HOW DOES YOUR PERIOD AFFECT YOUR TOILET HABITS?
Periods cause enough of a headache, both literally and figuratively, as it is without having to worry about other strange changes to our bodies. However, as unpleasant as it is to talk about, your period might not be your only reason for a trip to the public toilet when it’s that time of the month. Many people who menstruate find that their bowel habits also change throughout their menstrual cycle and especially during the week that they menstruate.
This is down to many factors, including hormone changes, the way in which our diet tends to alter during menstruation and even something as simple as stress can cause a difference. The good news is that it’s not as uncommon as we might think. In fact, one study reported that 73% Trusted Source of females experienced period-related gastrointestinal symptoms. Some people describe these changes as “period poop.” Understanding that this is a natural symptom of a natural bodily function can help those who experience a difference in their bowel movements during their period feel a little less embarrassed, especially if they are young and menstruating for the first time.
Just before menstruation, the body releases hormones known as prostaglandins. These hormones are designed to stimulate the muscle contractions that take place in the uterus to shed the lining. In other words, these hormones are what help to kickstart your period.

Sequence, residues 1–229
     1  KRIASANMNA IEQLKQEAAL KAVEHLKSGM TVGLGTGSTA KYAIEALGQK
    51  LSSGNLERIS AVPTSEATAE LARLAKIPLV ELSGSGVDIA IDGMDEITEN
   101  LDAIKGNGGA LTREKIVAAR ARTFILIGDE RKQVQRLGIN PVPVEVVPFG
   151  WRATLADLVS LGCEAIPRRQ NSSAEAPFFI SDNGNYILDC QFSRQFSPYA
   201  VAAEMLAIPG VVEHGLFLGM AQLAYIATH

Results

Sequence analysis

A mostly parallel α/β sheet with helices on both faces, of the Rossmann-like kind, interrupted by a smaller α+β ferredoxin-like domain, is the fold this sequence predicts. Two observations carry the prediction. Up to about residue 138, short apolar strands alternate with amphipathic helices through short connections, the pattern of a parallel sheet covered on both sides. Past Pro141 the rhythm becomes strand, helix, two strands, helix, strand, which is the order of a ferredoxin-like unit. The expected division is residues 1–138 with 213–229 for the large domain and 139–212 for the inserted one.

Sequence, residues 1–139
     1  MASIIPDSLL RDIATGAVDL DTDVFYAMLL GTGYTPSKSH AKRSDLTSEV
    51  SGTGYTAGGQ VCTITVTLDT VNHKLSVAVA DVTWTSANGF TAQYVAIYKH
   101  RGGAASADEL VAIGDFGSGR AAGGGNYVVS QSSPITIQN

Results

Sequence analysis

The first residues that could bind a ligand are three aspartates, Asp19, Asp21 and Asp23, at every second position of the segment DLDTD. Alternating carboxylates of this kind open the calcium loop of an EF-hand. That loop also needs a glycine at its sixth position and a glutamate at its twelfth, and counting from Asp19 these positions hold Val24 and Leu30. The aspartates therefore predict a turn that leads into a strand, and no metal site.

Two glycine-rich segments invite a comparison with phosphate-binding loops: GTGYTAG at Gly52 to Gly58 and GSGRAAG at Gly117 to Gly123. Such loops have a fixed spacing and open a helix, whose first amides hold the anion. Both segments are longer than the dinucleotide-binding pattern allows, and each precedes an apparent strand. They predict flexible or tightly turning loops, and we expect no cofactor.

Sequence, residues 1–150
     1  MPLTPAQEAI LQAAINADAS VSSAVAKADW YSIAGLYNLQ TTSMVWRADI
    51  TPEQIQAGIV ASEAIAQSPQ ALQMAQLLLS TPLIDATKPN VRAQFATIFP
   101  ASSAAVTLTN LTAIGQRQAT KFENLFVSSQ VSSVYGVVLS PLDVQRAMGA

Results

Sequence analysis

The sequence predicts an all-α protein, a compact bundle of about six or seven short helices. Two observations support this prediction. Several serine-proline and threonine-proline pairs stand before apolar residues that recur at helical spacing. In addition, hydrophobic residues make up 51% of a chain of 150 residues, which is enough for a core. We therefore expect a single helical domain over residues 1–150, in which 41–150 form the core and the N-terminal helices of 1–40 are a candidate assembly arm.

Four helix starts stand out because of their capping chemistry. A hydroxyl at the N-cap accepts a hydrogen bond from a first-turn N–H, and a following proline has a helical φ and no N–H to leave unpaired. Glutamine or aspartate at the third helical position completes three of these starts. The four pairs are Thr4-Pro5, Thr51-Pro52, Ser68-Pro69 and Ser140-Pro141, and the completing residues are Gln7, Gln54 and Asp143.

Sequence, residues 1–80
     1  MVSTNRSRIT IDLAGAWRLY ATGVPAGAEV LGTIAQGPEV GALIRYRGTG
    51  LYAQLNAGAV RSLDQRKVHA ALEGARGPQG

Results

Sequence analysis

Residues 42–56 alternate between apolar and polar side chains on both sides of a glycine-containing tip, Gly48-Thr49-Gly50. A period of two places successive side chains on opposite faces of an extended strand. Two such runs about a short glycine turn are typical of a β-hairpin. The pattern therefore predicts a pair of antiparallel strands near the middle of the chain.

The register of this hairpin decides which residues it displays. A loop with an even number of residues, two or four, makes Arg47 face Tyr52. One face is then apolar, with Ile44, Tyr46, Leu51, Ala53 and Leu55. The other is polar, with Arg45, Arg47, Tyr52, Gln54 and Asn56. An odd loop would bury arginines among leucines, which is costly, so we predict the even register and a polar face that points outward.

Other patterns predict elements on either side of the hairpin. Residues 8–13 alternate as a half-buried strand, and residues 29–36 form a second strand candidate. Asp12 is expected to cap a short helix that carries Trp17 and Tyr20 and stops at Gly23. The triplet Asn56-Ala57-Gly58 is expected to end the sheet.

Unfortunately, the uterus is very close to a lot of other organs in the human body and just as carrying a baby puts pressure on the bladder and increases the need to pee, contractions in the uterus can also stimulate muscle contractions in the intestines and the bowels. This, much to our chagrin, can cause more frequent bowel movements. In addition to this, the hormones that are responsible for uterus contractions can also affect how well the body absorbs water, which only further affects our bowel movements.
Prostaglandins are not just guilty of causing increased bowel movements, however. These hormones are also responsible for other PMS symptoms such as headaches, mood swings and more. So as unpleasant as some of the symptoms may be, rest assured they are completely normal.
Periods are just hormone city and progesterone is just another hormone that increases right before menstruation. This increase can cause all sorts of problems for people who menstruate, including fatigue, swelling, anxiety and for some, bowel problems.
Unfortunately, for people who experience chronic bowel issues or diseases such as IBD or Crohn’s, the increase of progesterone can actually make these symptoms worse temporarily. For example, in people with IBD-related constipation, progesterone-associated changes can make constipation worse. The same is also true for people with conditions such as endometriosis, uterine fibroids, and ovarian cysts. The body, after all, is a network of systems all working together and influencing each other, rather than individual areas that work independently of each other.
For people living with these kinds of conditions, changes in bowel movements or discomfort is sadly not a rare occurrence. However, knowing that menstruation can and might worsen these symptoms is at least something that can be planned for by tracking your period and being mindful of activities you might be planning around that time.